Robbie Hewson, One Waka’s vocalist, guitarist and spokesperson, admits to being obsessed with classic dub production, the likes of Lee Scratch Perry and King Tubby. The Christchurch dubsters, he says, always thought they’d go down the dub road rather than the Kiwi-common roots reggae road. ‘Dub Sea Voyages’ is their album of proof. Martyn Pepperell spoke with Hewson, along with drummer Teina Paniora and bass player Matt Yates.
“Bro, if this album comes out good and we’re really happy with, pressing it to vinyl would be success,” enthuses Robbie Hewson, vocalist, guitarist and koauau player in 7-piece Christchurch dub band One Waka.
“If we could press it to vinyl, be happy with it, and have a really vintage sound that stays true to some strong reggae elements and true to ourselves, I would be happy as. That’s success for me.”
Hewson is talking about ‘Dub Sea Voyages’, an album he’s been writing and recording with his bandmates since last summer. For One Waka, summer 2014/’15 was the best season of their career to date. After several years of playing and recording together the band were really moving around the country. They’d been performing at festivals in both the North and South Islands, and were forming what bassist Matt Yates describes as “some hearty songs” off them.
Inspired by the landscape and culture of places they were spending time in, like Kaikoura and Golden Bay, they rented a holiday home in Akaroa to record a bunch of demos.
“They served a massive purpose in helping shape what we wanted to do with it,” Hewson reflects. “It’s one thing to do it live, but it’s another to record it.”
When One Waka started playing together over a half a decade ago, their initial collective inspiration was powered by the excitement of seeing local dub, roots and heavy soul bands like Shapeshifter, Salmonella Dub and The Black Seeds play big atmospheric live shows. As the years progressed they found themselves delving deeper into classic ’60s/’70s Jamaican dub, and more recently, modern Californian roots reggae.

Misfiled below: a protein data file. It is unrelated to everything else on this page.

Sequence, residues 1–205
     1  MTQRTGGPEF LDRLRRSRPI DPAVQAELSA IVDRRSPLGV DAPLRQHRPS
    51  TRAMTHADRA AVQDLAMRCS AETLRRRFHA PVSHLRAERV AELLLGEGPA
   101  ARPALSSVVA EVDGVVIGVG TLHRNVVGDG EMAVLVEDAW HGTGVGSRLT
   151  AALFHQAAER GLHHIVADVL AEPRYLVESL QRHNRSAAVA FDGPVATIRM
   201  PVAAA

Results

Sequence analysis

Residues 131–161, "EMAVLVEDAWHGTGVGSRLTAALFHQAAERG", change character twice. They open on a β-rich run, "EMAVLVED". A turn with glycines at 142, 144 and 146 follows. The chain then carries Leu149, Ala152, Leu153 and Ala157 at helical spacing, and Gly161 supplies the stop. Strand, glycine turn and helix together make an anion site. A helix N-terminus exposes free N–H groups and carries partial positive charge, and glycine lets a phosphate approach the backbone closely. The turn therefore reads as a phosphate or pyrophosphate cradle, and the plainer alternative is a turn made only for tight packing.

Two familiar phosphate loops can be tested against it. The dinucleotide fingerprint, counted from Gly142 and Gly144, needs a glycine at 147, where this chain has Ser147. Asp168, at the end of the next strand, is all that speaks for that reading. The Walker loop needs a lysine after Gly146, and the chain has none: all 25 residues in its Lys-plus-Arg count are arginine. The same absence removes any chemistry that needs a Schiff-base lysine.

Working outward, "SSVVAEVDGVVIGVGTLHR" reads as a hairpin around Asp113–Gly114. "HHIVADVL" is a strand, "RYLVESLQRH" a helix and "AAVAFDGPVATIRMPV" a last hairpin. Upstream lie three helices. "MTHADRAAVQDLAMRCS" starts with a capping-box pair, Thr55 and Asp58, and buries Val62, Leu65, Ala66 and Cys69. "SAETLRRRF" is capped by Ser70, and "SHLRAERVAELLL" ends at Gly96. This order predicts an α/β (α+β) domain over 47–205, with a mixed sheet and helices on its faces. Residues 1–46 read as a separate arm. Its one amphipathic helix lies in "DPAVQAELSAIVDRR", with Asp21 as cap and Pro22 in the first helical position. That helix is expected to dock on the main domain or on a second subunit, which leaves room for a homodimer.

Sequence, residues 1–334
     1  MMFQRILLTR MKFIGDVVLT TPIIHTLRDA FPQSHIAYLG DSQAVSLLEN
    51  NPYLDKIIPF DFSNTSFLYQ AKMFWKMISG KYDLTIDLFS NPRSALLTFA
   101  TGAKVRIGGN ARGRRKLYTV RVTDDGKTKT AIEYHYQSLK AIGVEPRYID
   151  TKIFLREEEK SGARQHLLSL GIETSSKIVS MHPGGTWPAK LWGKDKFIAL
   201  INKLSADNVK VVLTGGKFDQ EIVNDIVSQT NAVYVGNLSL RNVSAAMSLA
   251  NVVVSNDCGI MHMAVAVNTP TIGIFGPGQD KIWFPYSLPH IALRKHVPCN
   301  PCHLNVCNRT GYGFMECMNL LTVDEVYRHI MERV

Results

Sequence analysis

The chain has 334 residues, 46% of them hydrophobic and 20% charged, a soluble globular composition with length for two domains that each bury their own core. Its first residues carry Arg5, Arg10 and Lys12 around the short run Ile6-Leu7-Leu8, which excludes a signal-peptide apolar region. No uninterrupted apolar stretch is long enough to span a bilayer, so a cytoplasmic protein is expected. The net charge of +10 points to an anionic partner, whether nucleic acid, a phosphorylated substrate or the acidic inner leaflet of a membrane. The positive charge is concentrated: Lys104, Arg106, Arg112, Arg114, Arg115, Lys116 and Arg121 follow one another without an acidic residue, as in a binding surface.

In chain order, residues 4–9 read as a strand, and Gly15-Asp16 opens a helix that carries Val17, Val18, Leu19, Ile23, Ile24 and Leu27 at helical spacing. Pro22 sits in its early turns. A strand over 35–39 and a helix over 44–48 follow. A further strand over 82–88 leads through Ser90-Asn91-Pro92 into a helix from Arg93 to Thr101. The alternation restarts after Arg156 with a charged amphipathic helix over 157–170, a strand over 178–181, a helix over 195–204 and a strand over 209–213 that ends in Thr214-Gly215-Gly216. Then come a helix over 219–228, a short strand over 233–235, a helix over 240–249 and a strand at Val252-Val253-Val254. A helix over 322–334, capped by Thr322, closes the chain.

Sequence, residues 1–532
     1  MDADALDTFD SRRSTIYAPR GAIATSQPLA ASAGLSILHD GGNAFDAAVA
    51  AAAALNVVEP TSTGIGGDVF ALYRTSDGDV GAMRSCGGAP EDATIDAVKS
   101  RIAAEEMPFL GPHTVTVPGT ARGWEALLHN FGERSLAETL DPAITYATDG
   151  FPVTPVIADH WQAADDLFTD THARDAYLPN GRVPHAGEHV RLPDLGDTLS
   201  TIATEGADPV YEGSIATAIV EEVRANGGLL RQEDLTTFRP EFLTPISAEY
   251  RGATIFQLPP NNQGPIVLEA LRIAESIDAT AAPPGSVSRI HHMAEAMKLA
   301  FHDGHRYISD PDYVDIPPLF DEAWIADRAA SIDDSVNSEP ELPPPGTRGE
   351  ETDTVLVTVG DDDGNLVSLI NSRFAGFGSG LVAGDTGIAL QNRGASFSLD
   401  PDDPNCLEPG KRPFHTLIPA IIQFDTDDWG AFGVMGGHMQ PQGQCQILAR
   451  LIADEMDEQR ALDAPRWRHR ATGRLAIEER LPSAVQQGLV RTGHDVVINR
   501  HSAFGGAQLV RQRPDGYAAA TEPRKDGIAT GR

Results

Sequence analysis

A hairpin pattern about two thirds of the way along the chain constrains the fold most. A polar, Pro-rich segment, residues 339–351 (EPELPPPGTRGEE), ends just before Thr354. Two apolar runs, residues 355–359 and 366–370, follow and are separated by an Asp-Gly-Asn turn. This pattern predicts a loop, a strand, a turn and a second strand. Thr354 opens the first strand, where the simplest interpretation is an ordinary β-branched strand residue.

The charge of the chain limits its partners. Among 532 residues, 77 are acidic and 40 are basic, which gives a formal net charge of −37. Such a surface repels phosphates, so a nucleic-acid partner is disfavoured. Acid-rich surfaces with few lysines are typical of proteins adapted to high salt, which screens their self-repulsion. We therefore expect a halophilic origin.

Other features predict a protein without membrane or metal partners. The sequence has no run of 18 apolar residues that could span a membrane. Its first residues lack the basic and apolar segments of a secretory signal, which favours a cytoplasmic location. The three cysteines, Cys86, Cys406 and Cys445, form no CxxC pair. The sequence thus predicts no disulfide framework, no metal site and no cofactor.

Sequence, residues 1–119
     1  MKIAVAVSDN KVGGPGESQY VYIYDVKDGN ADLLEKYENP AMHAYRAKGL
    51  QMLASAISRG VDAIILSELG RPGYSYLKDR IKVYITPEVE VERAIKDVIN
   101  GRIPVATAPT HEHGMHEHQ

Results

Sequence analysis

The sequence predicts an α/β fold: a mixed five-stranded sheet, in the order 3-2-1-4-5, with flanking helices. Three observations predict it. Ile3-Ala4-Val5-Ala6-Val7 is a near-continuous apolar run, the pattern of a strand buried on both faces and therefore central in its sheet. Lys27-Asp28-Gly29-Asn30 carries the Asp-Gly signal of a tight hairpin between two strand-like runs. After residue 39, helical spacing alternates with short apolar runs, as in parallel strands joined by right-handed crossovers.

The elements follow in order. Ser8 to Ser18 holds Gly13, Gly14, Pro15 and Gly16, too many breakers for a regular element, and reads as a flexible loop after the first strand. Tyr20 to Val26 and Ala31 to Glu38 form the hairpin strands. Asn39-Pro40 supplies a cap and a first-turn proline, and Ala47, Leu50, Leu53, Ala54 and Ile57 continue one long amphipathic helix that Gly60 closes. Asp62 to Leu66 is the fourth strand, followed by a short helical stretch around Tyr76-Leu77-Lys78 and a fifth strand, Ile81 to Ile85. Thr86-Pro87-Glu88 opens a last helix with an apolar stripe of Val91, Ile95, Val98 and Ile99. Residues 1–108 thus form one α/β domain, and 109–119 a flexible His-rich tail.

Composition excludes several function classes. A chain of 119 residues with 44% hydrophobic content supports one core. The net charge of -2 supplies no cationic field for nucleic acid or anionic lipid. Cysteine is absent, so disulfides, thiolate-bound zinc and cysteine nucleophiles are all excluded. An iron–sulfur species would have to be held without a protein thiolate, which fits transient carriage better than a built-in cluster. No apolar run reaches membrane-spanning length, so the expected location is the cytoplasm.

These influences were evident in their self-released 2012 debut EP ‘South Bay Sessions’, and are only more pronounced on the songs they’ve been working up for ‘Dub Sea Voyages’.
“We always thought we’d go down the dub route rather than the roots reggae route,” says Hewson. “I’m obsessed with classic dub production; King Tubby, Lee Scratch Perry etc. Traditionally dub was a production technique, but I think nowadays there is a new trend, especially with US roots bands like John Brown’s Body, to have a live band with a full horn section producing a live dub sound – rather than the dub being an after-production. We’re all about bringing a full sound.”
With the Akaroa demos as guides they connected with Peter Williams and Ben Delany from Riverside Sound Studios in Christchurch, and started laying down some proper recordings. Outside of an instrumentation and performance style focused on recreating dub in a live format, another central element in One Waka’s music is lyrical content rooted in reality and real life experiences.
“I suppose a lot of the tunes stem from individual experiences to begin with,’” Hewson says. “As we progressed, they began to be experienced as a band. I think we’re quite tight, not just at playing music – anyone in the band could hang out with anyone and get on great at any time. We go on snowboard trips together and do outdoorsy stuff. I think it’s a big influence on us.”
That tightness he attributes in part to the involvement of saxophonist Chris Henderson, and his sons Hemi and Teina Paniora (percussion, vocals, taonga puoro and drums, vocals respectively), rounding out a line-up that also includes James Johnston (keys, synths) and Greg Stanley (trumpet, guitar).
“Because of that, the vibe has extended out to the rest of us. We’ve grown together and been through a lot together. We’ve picked up a lot of people along the way. The fit has just been there. It’s what we’ve been about rather than just picking up session dudes. I think it’s been about the family buzz and life lessons along the way.”
Something that differentiates One Waka from some of the other dub bands active around NZ at the moment is their use of traditional Maori instruments like taonga puoro and te reo Maori vocals in some songs.
“My dad has a big dream about everyone in NZ being able to speak Maori or understand some Maori, regardless of who they are or where they are from,” Teina explains. “Being in the band helps him with that dream as well. The other guys in the band like Robbie and Matt, you’d swear they were more Maori than I am sometimes!”
After independently selling 1000 copies of their debut EP, performing at some key summer festivals and regularly playing around the South Island, One Waka are excited to see where ‘Dub Sea Voyages’ might take them.
“As important as the shows are the experiences we have with each other,” Hewson enthuses. “We go away and have endless laughs. I think that’s what keeps the ball rolling for us.”